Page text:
2 U.S. Troops Killed in Baghdad

Iraqi Army soldiers man a checkpoint in the center of Baghdad, Iraq, Saturday, Jan. 26, 2008. A series of explosions thundered in the Iraqi capital Saturday morning, including one from a mortar round that hit the U.S.-controlled Green Zone. (AP Photo/ Khalid Mohammed)
AP Photo/Khalid Mohammed
Two U.S. soldiers were killed in separate bombings in Baghdad, the military said Sunday.

One Multi-National Division - Baghdad soldier died Sunday after the soldier's vehicle was struck by a roadside bomb in northeastern Baghdad, according to a statement.

Another soldier was killed Saturday by a bomb during a foot patrol near Kazimiyah, a predominantly Shiite neighborhood in northern Baghdad, the military said separately.

Identities were not released pending notification of relatives.

The deaths raised to at least 3,934 members of the U.S. military who have died since the Iraq war started in March 2003, according to an Associated Press count.

Iraqi Forces To Take Lead In Mosul

Iraqi soldiers reached the northern city of Mosul on Sunday for an operation against al Qaeda in Iraq, days after some 40 people were killed in a house explosion followed by a suicide attack against a senior police official.

The United States has said Iraqi security forces will take the lead in Mosul as a major test of Washington's long-range plans, which seek to keep a smaller American force in Iraq as backup for local soldiers and police.

Defense Ministry spokesman Mohammed al-Askari said most army reinforcements have reached the city, 225 miles northwest of Baghdad, although he declined to give a number.

"The operations against al Qaeda in Mosul will start soon," al-Askari said, adding that the operation would include armored vehicles, tanks and helicopters.

An Iraqi military officer in Mosul, speaking on condition of anonymity because he wasn't authorized to discuss the operation, confirmed that some Iraqi units had arrived on the city's outskirts.

A spokesman for the Interior Ministry, Abdul-Karim Khalaf, said separately that 3,000 residents in Mosul will be recruited to augment the city's police force.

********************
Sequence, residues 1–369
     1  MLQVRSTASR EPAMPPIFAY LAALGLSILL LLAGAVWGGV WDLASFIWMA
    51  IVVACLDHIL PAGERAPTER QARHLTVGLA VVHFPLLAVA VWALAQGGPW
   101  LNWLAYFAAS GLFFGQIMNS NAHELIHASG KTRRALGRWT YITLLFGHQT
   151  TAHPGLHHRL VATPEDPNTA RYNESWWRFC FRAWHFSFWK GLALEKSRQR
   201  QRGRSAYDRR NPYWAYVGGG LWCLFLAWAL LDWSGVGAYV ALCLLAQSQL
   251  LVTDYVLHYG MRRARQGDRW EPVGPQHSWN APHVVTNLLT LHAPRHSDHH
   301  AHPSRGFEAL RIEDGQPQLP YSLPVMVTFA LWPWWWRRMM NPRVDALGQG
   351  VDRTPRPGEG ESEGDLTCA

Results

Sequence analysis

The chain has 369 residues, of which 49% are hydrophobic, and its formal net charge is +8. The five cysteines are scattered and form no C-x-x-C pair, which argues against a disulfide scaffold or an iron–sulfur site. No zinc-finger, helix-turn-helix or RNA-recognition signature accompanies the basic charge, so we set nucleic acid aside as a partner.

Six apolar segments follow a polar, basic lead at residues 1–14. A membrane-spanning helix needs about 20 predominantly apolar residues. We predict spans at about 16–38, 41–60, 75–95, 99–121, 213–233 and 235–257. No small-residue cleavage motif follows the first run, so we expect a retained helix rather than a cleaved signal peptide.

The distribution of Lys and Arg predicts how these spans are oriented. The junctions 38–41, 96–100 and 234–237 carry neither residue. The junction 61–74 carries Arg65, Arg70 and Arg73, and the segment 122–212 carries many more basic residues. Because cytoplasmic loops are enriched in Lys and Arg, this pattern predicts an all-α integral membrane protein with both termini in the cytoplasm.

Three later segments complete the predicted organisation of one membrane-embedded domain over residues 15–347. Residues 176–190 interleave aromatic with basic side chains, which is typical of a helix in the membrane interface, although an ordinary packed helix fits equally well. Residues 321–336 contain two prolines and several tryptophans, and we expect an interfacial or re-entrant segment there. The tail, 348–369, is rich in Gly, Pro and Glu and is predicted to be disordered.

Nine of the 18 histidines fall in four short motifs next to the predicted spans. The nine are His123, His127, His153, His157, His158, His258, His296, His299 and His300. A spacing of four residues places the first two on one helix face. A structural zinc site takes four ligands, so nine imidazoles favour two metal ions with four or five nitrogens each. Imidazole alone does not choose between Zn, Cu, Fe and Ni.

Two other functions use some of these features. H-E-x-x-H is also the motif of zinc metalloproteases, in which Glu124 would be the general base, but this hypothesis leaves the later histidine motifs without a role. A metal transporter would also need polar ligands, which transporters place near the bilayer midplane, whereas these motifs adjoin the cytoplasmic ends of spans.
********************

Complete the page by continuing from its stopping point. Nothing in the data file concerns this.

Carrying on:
The U.S. military did not indicate it had any plans to send additional forces to the city, which is believed to be the last urban safehaven for al Qaeda-led insurgents.

"Regarding Mosul, an area where we recognize is of strategic importance to al Qaeda, our operations will continue in that area again not in a new way but in a continued way," said Rear Adm. Gregory Smith, a military spokesman.

Smith said "tens of thousands of pounds of explosive material" were in the abandoned building that exploded Wednesday, devastating nearby houses and killing at least 34 people. But he declined to assign blame.

"We're still working with the Iraqi security forces to determine exactly what happened in terms of why it exploded or how it exploded," Smith said Sunday at a news conference.

The military has said al Qaeda was believed to be behind a suicide attack the next day that killed the Ninevah provincial police chief and two other officers as they toured the site of the blast.

In Other Developments:

  • A former city official was stabbed to death along with his wife and daughter in their home in a predominantly Shiite neighborhood in northeastern Baghdad, officials said Sunday. The knife-wielding attackers stormed the two-story house late Saturday, killing Ahmed Jwad Hashim, his wife and their daughter, and leaving a visiting nephew seriously wounded, according to police and hospital officials.

    The slaughter occurred in Talbiyah, a middle-class neighborhood on the fringes of the Shiite militia stronghold of Sadr City.

    Neighbors told AP Television News that Hashim, a Shiite engineer from Karbala, had been the director-general of the Baghdad municipality office until he retired about four months ago.

  • Facing criticism that the Iraqi government has failed to take advantage of the lull in violence to make political progress, Prime Minister Nouri al-Maliki threatened to form a new government if ministers from the main Sunni bloc refused to end a boycott of his Cabinet. Six Sunni Arab ministers quit al-Maliki's government in August to protest his perceived Shiite bias, but the main Sunni Accordance Front raised hopes it could reconsider the decision after the Iraqi parliament approved a law that would open the way for low-ranking members of Saddam Hussein's Baath party to reclaim government posts and pensions.
  • Eight Iraqi refugees are headed to New Hampshire this week. Officials say the refugees are people who helped the U.S. military's war effort in Iraq and would have been in danger of retaliation had they remained. They will get medical checkups, English lessons and food stamps to help them get started in their new world. In return, they are expected to get a job within four and a half months and eventually repay the cost of their airfare.

    Since 1980, more than 5,000 refugees have been resettled in Manchester from a variety of countries. In the years that followed the first Gulf war in 1991, New Hampshire received 86 Iraqi refugees.

    The U.S. government expects to admit up to 12,000 Iraqi refugees by next October.